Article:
The economic model that said the world’s resources were boundless was always a fantasy, but people were able to ignore that for many centuries while the population stayed well within the earth’s capacity to sustain it. Now we are pushing against those limits, yet the business owners at the top continue to insist there are no limits, because it suits their self-interest. In the natural world, populations of animals and insects boom and bust depending on the capacity of their habitat, which is in all cases more narrowly defined than it is for humans. Because humans have adapted to the widest array of habitats on the planet, it does not follow that our expansion can be limitless. The physical problem is population growth pushing earth’s resources to the breaking point, but there is also a mindset problem caused by those at the top of the economic pyramid pushing the snake oil of limitless growth.
Native Americans have called this spirit of cannibalistic greed and lust for dominion wetiko, or wendigo. Their culture recognized it, but was not consumed by it, at least not from within. They recognized it in its most rapacious form in many of the white Europeans who started pushing into North America five centuries ago. The white Europeans came from a culture where being fruitful and multiplying was the means to have dominion over the earth and all creation, goals which they saw as not only morally sound, but their religious right and duty. When there were only tens of millions of humans spread out across the entire continent of North America, those beliefs were more defensible than now.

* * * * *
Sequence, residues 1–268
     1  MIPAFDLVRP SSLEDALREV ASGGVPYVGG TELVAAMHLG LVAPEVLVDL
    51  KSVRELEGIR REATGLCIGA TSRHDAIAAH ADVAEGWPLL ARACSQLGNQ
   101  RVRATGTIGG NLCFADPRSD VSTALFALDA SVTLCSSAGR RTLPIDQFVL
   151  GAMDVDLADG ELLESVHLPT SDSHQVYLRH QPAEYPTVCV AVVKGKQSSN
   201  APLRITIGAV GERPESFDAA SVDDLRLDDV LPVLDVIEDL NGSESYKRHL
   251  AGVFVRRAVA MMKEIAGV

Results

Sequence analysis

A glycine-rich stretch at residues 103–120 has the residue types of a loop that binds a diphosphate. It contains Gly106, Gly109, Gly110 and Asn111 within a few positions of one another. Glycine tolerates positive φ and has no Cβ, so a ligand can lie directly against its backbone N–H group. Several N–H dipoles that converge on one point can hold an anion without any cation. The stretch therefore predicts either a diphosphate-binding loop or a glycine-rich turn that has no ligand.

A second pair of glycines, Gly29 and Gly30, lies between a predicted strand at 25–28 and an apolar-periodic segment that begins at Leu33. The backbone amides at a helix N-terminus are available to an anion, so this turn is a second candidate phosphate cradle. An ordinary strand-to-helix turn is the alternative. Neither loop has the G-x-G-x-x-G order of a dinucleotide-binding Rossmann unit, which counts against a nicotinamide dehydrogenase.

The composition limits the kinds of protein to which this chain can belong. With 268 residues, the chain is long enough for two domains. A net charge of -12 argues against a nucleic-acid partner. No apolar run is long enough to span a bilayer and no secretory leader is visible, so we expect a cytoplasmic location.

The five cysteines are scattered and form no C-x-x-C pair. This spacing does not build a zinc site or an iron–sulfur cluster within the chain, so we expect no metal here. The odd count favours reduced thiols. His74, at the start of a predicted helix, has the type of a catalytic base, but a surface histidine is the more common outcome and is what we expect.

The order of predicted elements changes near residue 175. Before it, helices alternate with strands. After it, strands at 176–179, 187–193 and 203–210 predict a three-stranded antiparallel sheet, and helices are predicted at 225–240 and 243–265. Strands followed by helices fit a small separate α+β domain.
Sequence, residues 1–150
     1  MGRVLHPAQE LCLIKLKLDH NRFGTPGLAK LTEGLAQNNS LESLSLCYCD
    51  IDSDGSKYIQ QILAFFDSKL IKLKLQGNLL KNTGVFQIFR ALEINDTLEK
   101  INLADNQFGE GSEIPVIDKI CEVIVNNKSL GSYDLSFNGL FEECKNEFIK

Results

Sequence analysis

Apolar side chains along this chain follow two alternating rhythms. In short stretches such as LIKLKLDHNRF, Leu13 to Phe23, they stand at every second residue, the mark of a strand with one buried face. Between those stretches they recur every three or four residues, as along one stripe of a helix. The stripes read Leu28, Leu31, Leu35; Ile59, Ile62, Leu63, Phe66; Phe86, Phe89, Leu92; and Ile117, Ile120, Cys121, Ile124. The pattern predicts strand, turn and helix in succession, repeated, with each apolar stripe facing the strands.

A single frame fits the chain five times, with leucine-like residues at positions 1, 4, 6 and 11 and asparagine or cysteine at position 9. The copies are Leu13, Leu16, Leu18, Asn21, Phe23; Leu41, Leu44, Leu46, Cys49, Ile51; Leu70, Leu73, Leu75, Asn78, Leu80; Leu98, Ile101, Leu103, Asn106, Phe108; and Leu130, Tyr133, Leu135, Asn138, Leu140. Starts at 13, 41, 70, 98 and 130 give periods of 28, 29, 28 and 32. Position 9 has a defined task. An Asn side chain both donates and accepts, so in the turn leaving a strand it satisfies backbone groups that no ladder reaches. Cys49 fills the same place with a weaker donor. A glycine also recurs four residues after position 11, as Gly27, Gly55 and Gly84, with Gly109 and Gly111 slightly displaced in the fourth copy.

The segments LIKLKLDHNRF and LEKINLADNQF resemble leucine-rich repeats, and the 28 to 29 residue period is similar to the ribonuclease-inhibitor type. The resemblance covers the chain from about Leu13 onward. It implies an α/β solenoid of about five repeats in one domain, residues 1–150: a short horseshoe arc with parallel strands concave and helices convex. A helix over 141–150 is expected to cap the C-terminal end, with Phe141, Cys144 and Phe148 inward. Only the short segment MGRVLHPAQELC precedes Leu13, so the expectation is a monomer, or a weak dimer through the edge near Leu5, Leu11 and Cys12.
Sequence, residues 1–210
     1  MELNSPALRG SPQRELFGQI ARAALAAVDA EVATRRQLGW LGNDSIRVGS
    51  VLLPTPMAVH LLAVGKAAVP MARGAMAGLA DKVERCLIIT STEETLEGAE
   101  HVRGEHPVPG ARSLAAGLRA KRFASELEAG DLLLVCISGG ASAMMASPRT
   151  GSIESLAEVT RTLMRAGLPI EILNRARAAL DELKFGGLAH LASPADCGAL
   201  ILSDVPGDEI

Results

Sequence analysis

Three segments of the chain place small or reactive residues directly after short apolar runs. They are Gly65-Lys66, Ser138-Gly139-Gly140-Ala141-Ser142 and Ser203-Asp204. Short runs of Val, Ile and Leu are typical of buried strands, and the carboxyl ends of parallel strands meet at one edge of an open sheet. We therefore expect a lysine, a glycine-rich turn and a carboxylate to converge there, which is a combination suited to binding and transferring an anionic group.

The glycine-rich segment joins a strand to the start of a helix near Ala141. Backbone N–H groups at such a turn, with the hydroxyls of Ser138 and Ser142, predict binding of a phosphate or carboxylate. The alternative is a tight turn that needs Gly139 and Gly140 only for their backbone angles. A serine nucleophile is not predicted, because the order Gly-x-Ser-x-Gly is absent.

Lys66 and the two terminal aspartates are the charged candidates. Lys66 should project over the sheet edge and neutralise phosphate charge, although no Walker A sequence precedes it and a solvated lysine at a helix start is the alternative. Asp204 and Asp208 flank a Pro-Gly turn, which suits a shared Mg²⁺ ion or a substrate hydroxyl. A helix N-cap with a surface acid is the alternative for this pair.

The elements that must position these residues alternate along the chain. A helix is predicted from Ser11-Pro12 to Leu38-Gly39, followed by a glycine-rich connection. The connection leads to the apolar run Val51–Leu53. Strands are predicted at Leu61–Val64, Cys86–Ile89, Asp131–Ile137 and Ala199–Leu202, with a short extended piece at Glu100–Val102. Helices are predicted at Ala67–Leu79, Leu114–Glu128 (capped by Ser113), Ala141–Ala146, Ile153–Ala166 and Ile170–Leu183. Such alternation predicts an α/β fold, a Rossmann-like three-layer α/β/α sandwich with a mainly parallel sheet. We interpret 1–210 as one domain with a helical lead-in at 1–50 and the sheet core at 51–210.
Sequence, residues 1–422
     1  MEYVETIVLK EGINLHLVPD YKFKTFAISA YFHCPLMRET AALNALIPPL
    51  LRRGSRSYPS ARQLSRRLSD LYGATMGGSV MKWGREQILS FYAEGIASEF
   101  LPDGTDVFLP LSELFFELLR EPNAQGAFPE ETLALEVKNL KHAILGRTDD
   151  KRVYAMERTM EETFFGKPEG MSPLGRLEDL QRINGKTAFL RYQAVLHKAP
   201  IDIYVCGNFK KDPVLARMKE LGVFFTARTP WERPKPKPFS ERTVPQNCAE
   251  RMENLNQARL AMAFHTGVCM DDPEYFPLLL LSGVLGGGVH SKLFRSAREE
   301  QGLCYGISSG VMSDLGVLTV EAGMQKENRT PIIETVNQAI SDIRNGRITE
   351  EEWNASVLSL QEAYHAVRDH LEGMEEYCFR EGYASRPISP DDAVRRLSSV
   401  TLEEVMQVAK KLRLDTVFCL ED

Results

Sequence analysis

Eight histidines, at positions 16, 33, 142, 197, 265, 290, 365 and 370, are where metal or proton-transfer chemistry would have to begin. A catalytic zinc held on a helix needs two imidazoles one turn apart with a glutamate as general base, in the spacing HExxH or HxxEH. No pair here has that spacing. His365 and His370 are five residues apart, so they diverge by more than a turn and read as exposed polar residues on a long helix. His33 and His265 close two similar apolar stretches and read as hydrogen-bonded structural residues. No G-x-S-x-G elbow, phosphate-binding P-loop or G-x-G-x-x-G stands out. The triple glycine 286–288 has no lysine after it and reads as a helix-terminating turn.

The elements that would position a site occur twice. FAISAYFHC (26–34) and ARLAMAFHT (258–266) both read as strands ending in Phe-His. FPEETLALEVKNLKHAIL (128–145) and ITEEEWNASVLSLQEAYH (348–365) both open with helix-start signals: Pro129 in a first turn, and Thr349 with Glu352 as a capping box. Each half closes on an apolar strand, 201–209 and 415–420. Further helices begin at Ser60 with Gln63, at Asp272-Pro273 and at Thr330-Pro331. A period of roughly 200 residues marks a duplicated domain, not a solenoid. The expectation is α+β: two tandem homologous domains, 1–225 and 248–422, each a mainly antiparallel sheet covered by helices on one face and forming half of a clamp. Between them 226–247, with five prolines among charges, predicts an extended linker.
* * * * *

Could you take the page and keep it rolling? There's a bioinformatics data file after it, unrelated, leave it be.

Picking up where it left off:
Dole corporate person parody in Washington, DC, on January 21, 2011, marking the one year anniversary of the Supreme Court Citizens United decision; photo by Flickr user palnatoke.
In the eighteenth century, a white settler family huddled in their isolated cabin in the vast woodlands covering what would eventually become the eastern United States could hardly be blamed for feeling that nature was hostile, red in tooth and claw, and that a competitive, fighting spirit was the way to eat and not be eaten. Now there are hundreds of millions of us in North America, and billions across the earth, and the technological powers available to us for taking advantage of nature’s resources are well beyond even the imaginings of those early inhabitants. Yet many people cling to the old beliefs, ignoring how destructive they have become, and always were. Some people cling out of ignorance, and there is hope that their minds can be changed; but there are others, often wearing suits and making greedy, amoral decisions in corporate boardrooms, who are possessed by the spirit of wetiko and whose minds either cannot or will not be changed. The rest of us can recognize that on a finite Earth growth has limits, and work to lessen our impact before the Earth takes care of that for us.